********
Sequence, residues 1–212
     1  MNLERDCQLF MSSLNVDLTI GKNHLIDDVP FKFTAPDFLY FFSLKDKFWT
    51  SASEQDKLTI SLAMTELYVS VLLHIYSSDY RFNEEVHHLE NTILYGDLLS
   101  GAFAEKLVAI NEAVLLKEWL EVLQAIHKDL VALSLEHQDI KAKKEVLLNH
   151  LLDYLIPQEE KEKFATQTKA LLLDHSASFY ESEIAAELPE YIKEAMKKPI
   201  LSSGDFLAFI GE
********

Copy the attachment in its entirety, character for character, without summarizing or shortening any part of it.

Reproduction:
Sequence, residues 1–212
     1  MNLERDCQLF MSSLNVDLTI GKNHLIDDVP FKFTAPDFLY FFSLKDKFWT
    51  SASEQDKLTI SLAMTELYVS VLLHIYSSDY RFNEEVHHLE NTILYGDLLS
   101  GAFAEKLVAI NEAVLLKEWL EVLQAIHKDL VALSLEHQDI KAKKEVLLNH
   151  LLDYLIPQEE KEKFATQTKA LLLDHSASFY ESEIAAELPE YIKEAMKKPI
   201  LSSGDFLAFI GE